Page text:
My friend experienced what many dads of twins describe as “twinshock,” both when he discovered he would be the father of twins, and when mom and the babies came home from the hospital.
Now I have never had twins, but dads who have had twins, after having a single baby, tell me that there is no comparison. Twins are a ton of work, perhaps more than twice the work required for a single baby. But dads of twins who have figured out how to make it all work have told me that the rewards are geometric as well.
So, what are the keys to successfully getting through the transition to caring for twins? Here is some advice from dads who are loving being the father of twins.
Discover the Value of Routines. I guess that twins are more than twice the work of a single baby because it is much harder to do the same thing twice over and over again. Twice the diapers; twice the feedings; twice the clothes changes. Two car seats everywhere you go. And because you are often balancing one baby on your lap while working with the other one, it can be really hard. Successful dads tell me that getting into a routine is important. Try to get them on a similar schedule so you are feeding both babies at the same time, changing them at the same time, and putting them down for naps at the same time.
Lower your expectations. Having twins to care for can really sap your energy. So if you have a little more realistic expectation about how clean the house will stay, how much you'll get done on a Saturday, or how long it will take to get places can really help you maintain your sanity. Don't try to do it all with the twins; be more realistic about what you expect, and you'll be disappointed less often.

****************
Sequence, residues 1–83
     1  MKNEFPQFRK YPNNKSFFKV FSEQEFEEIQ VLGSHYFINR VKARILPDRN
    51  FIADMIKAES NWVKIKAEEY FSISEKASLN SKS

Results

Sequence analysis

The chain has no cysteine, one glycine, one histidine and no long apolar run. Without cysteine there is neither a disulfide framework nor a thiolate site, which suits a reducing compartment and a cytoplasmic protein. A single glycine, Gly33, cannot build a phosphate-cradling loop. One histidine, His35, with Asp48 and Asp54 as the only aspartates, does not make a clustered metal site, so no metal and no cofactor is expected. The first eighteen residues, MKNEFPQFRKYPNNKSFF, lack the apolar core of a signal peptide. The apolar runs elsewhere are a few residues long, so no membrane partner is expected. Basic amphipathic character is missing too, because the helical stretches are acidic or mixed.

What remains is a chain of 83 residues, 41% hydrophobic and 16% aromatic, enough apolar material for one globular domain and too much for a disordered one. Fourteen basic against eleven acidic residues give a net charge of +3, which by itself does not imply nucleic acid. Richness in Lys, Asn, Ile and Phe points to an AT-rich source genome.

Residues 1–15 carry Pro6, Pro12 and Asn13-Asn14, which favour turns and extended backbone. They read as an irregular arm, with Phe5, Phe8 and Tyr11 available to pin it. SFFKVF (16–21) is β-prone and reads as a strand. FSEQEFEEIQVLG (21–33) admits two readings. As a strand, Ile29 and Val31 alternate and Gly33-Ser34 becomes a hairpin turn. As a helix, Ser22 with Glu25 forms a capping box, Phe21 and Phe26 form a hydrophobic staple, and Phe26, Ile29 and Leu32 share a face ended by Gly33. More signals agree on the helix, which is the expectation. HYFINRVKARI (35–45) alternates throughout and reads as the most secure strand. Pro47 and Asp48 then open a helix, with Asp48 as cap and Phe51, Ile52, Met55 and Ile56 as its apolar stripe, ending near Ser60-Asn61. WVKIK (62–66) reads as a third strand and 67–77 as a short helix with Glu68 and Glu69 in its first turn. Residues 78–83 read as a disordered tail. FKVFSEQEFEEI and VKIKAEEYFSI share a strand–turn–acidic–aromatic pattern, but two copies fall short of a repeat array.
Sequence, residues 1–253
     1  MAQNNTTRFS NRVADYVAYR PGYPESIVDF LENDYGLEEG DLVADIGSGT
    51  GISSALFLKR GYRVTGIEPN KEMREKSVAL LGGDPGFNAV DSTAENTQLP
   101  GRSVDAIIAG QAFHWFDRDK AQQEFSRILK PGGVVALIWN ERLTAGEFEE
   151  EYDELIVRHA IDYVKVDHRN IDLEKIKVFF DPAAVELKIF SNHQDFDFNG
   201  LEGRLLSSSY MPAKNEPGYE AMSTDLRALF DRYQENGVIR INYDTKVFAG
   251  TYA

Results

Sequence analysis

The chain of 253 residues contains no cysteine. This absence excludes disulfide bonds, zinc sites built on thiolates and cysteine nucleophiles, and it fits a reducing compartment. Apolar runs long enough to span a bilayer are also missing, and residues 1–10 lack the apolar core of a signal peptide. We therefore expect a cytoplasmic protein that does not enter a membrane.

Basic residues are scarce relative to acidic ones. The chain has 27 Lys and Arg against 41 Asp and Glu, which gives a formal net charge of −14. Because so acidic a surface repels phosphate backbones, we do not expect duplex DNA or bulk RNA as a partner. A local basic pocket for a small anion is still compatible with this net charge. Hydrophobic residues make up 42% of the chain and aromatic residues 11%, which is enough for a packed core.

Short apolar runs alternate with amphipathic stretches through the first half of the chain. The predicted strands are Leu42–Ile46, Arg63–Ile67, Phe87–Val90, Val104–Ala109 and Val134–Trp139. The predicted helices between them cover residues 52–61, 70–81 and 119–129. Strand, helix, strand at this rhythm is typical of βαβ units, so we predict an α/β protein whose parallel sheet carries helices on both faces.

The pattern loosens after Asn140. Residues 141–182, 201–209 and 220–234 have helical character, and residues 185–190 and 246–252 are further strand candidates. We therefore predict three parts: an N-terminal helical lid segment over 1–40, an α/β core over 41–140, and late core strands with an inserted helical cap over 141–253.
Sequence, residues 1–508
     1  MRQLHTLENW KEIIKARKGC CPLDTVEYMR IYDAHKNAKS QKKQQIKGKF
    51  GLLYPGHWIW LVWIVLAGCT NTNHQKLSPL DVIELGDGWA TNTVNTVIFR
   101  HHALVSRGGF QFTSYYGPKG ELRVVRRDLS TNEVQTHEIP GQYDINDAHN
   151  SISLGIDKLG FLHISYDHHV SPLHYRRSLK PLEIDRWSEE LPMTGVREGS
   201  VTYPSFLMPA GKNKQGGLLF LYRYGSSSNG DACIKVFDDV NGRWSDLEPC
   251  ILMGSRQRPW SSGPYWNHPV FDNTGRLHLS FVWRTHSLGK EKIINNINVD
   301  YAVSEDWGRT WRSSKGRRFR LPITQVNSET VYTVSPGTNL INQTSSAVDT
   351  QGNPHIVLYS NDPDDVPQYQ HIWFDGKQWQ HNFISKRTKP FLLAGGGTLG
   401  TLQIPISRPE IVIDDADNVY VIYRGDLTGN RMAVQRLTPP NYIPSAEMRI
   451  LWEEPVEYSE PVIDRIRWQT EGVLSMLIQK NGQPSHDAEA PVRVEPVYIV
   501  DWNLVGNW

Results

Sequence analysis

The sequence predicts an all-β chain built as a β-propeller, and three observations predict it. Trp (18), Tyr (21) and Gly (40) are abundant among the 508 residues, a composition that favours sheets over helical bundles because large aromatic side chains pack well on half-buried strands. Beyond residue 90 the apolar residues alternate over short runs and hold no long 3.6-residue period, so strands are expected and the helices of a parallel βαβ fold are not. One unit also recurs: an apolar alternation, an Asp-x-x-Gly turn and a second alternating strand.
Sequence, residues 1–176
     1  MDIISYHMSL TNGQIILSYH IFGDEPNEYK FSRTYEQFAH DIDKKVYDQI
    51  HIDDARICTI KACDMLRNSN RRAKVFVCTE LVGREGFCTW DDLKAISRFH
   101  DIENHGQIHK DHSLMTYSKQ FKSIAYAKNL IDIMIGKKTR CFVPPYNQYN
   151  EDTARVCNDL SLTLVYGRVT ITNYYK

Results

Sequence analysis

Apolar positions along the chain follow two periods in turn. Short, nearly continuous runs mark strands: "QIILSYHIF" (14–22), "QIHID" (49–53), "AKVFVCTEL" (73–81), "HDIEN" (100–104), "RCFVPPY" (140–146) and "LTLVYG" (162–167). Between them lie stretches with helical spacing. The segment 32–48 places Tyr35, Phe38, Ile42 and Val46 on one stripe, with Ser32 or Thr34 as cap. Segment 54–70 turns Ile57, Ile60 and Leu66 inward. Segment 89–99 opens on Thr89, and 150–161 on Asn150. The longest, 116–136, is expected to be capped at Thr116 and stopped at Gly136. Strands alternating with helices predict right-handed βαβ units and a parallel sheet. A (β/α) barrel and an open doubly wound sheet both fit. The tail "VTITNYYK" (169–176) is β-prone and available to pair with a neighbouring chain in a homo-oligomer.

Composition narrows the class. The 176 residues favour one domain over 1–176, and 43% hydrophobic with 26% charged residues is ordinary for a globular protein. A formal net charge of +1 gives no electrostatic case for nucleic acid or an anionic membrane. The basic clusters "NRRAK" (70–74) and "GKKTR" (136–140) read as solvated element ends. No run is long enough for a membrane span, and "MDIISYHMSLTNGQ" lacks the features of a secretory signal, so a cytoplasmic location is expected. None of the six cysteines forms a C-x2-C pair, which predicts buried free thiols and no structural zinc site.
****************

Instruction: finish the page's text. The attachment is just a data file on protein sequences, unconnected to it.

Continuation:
Keep things simple. One mother of twins I know swears by cooking by crock pot. She loves the idea of getting dinner into the crock pot when the babies are napping in the morning, and not worrying about dinner again until it is time to serve it. She has the concept of keeping meal preparation simple. If you have other children at home, get them going on some simple chores to take some of the burden off you and your partner. It goes a long way to keeping life on an even keel if you make it as simple as you can.
Make time for yourself. Because your partner may be home most of the day with the babies while you are off at work, it will be really important to her for you to take over much the responsibility for the babies in the evenings. She will certainly need time to recharge her batteries emotionally and physically. And once a week or so, you'll need some time to do the same. Recognizing what you both need, coordinate schedules so you can have some free personal time during the week. An occasional golf outing, a weekly bowling league game, or an occasional sporting event away can be a great help to maintaining your perspective.
Stay healthy. Making time for a little exercise, even with the babies, will pay big dividends. Investing in a double stroller than you can push around the block while you walk or jog will help you stay fit. And try to eat right—lower carbs and lower sugars will help you keep your physical and mental edge as a dad of twins.
Connect as a couple. Any new parents can have a hard time finding time to stay connected to each other; it is even more challenging for parents of twins. But make sure you take the time for a regular walk together (babies in the stroller), for a night out or a “night in” (with a DVD and some snacks), or other diversions to keep you communicating and together.
Acknowledge that you'll make mistakes and learn from them. No parent is perfect; there will be times you screw up. I remember once holding one of our babies asleep on my lap while watching a college football game on TV. My favorite team was trailing by a touchdown with less than a minute to go. The QB faded back, made a long pass which was caught just short of the end zone. In the emotion of the moment, I jumped up from the chair and cheered, dumping the baby off my lap onto the floor. I was totally shocked that I could forget she was on my lap. Fortunately, it wasn't serious, but it's important not to beat yourself up about little mistakes. Accept that you're human and move on.